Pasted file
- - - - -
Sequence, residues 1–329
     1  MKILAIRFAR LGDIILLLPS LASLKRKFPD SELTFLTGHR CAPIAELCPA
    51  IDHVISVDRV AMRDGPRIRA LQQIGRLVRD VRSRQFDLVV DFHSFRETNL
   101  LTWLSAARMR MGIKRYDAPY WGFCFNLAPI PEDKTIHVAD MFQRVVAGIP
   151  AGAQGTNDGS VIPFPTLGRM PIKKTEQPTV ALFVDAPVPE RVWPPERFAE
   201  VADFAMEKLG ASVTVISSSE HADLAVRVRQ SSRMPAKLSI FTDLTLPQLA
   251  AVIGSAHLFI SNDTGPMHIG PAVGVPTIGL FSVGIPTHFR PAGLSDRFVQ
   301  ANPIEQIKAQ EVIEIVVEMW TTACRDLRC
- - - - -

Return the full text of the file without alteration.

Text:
Sequence, residues 1–329
     1  MKILAIRFAR LGDIILLLPS LASLKRKFPD SELTFLTGHR CAPIAELCPA
    51  IDHVISVDRV AMRDGPRIRA LQQIGRLVRD VRSRQFDLVV DFHSFRETNL
   101  LTWLSAARMR MGIKRYDAPY WGFCFNLAPI PEDKTIHVAD MFQRVVAGIP
   151  AGAQGTNDGS VIPFPTLGRM PIKKTEQPTV ALFVDAPVPE RVWPPERFAE
   201  VADFAMEKLG ASVTVISSSE HADLAVRVRQ SSRMPAKLSI FTDLTLPQLA
   251  AVIGSAHLFI SNDTGPMHIG PAVGVPTIGL FSVGIPTHFR PAGLSDRFVQ
   301  ANPIEQIKAQ EVIEIVVEMW TTACRDLRC